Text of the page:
Oops, Did I Hurt Romney Again?

As you may know, a couple of weeks before the 2008 Iowa caucuses I broke a story refuting Mitt Romney's claim that his father had marched with Martin Luther King Jr. That story ended up getting huge national attention, and perhaps hurt Romney in his quest for the nomination.

My current feature about Mitt Romney, suggesting that he is re-launching himself as a slightly different candidate for 2012, has also gotten a fair amount of national attention. And, while I don't think my piece is particularly critical of Romney, it has been used by some, understandably, as more evidence that Romney is somewhat less than authentic. Very understanable; as I wrote:

Romney's previous reinventions — as a fairly liberal US Senate candidate, a moderate gubernatorial candidate, and then as a conservative presidential candidate — have already strained his credibility beyond the breaking point. Any further change — even to become the real, authentic Romney — will be viewed with suspicion, if not derision.
I also reviewed Romney's new book (which I was fortunate enough to get an advance proof of), in an accompanying web-only article. Again, I don't think the review was particularly harsh -- but I did point out that Romney says some things in the book that will be seen as heretical to today's movement conservatives.
I didn't label those as flip-flops. But this afternoon, the Democratic National Committee (DNC) did; it put out a release headlined "Romney flip-flops... again." The release, which strikes me as kind of silly -- but hey, that's politics! -- says that Romney has changed positions on TARP, stimulus, climate change, and Social Security privatization, all based on my review. (And hey, Campaign Outsider, the DNC didn't mention my name either!)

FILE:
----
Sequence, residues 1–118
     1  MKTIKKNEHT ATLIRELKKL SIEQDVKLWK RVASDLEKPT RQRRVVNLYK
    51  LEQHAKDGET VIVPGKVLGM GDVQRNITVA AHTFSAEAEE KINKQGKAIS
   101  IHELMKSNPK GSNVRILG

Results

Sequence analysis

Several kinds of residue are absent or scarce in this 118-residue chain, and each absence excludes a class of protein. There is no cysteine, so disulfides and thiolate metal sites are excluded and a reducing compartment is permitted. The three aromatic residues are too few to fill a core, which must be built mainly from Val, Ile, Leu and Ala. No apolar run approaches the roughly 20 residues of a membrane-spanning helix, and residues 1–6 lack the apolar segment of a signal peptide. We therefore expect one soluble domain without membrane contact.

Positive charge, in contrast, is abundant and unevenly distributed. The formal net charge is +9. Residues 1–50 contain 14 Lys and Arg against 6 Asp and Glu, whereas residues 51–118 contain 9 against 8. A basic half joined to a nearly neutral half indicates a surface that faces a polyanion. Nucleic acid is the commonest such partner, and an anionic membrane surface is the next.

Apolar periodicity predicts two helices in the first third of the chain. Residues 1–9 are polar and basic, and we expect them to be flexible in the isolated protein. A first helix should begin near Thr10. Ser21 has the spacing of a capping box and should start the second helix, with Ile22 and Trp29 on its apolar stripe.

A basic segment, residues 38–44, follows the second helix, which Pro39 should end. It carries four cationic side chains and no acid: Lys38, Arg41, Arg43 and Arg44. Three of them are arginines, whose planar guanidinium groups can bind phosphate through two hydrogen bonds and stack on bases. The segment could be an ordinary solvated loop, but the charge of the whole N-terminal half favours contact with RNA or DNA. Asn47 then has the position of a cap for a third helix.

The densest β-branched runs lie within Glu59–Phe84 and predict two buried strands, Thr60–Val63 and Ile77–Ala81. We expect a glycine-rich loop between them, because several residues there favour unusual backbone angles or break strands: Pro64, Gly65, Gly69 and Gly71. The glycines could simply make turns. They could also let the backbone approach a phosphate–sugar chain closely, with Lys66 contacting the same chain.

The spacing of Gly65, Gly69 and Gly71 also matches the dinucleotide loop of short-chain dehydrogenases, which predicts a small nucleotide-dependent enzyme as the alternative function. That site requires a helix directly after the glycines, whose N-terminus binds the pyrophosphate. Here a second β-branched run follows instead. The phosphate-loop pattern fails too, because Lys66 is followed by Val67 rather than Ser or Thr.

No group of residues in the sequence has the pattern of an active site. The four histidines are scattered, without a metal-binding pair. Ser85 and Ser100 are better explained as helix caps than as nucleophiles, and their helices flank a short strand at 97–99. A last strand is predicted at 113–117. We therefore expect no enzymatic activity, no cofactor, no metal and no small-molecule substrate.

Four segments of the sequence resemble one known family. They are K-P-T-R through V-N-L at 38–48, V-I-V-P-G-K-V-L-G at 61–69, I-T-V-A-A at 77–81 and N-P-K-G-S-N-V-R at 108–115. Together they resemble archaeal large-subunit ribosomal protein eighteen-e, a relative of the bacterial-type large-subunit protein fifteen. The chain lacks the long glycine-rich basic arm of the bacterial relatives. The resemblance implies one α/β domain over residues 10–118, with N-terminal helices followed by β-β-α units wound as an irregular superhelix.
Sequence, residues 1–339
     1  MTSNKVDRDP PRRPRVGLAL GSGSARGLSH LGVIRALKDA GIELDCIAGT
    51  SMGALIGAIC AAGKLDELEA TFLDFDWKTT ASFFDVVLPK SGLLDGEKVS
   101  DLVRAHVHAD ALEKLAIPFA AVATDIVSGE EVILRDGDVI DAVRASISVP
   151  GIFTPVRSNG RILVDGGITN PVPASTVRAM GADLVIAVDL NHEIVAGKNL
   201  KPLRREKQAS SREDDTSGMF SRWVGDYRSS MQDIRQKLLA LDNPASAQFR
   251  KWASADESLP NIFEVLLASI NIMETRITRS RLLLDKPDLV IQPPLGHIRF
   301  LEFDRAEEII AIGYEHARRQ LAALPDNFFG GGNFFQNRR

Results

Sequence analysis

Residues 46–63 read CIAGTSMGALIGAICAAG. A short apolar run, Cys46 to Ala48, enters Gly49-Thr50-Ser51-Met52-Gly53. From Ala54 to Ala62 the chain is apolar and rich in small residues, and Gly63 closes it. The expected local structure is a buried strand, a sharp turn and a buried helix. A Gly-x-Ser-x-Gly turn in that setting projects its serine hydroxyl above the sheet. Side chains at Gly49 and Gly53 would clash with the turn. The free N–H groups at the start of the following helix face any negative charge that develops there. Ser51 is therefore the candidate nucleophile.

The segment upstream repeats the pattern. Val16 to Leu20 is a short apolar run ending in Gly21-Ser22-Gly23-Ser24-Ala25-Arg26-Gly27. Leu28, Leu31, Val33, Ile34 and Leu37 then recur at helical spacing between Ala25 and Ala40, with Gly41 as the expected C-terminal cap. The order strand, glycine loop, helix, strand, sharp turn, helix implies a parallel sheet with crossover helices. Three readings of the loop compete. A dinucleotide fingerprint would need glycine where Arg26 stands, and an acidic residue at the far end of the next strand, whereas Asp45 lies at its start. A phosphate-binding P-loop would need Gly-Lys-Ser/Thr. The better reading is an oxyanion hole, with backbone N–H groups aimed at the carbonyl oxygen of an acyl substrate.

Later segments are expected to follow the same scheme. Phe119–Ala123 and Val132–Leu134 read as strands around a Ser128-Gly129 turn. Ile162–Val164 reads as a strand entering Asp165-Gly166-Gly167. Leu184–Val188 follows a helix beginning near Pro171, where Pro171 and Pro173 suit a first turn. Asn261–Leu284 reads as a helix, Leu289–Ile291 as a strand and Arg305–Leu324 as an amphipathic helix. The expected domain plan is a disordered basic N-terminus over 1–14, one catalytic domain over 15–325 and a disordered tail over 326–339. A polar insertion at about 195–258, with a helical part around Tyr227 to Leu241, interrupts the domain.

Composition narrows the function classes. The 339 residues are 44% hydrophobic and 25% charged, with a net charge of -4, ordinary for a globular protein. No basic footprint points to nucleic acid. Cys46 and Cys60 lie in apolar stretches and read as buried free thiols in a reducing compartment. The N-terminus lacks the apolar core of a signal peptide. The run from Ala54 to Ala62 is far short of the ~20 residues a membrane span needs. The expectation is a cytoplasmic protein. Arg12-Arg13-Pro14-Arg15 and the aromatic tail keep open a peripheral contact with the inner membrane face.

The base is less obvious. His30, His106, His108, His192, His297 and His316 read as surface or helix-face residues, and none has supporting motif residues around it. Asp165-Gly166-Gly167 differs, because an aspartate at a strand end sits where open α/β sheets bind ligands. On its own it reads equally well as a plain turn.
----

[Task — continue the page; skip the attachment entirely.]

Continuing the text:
And now, thanks to that DNC push, I notice that the Salt Lake Tribune has written about Democrats saying that Mitt flip-flops in his book. Our old friend and Romney sidekick Eric Fehrnstrom tells SLT that the Democrats are taking the quotes out of context. I'd say he's somewhat correct about that; the quotes are in context for what I was writing, but not necessarily for the very different point the DNC is trying to use them for. However, Romney and Fehrnstrom have done plenty of out-of-context criticizing of others in their day, so I can't feel too sorry for them.
Fehrnstrom also pops up in a Weekly Standard item that tries to refute my suggestion that Romney may be essentially giving up on the South this time around. (The Standard does use my name, however; why do the ones that dislike the article remember to use my name?) As one piece of evidence, I pointed to Mitt skipping the upcoming Southern Republican Leadership Conference in April. Here's Fehrnstrom's push-back for the Standard:
"The reason Mitt Romney is not attending the SRLC is because of conflicts with his book tour," says Eric Fehrnstrom. "The book, No Apology: The Case for American Greatness, comes out March 2 and he's on the road promoting it the entire month of March and half of April. During the SRLC, he'll be in Philadelphia (World Affairs Council speech), New Hampshire (St. Anselm's Institute of Politics speech and remarks to Politics and Eggs breakfast), Boston (Ford Hall Forum speech) and Minneapolis (book signing, Freedom Foundation speech)."
That's good enough for the Standard writer to conclude that Romney is aggressively pursuing the South, but if you ask me it's a confirmation of what I was saying: Romney is choosing to be in northern blue states -- Pennsylvania, New Hampshire, Massachusetts, and Minnesota -- rather than at a gathering of pretty much every influential Southern Republican Party insider, where every other potential 2012 GOP Presidential candidate will be speaking.
Romney will also be hitting California, Illinois, Iowa, Michigan, New York, Utah, Washington state, Washington DC, and Toronto that I know of on his two-month book tour, along with three Southern stops I know of: in Florida, Tennessee, and Texas.
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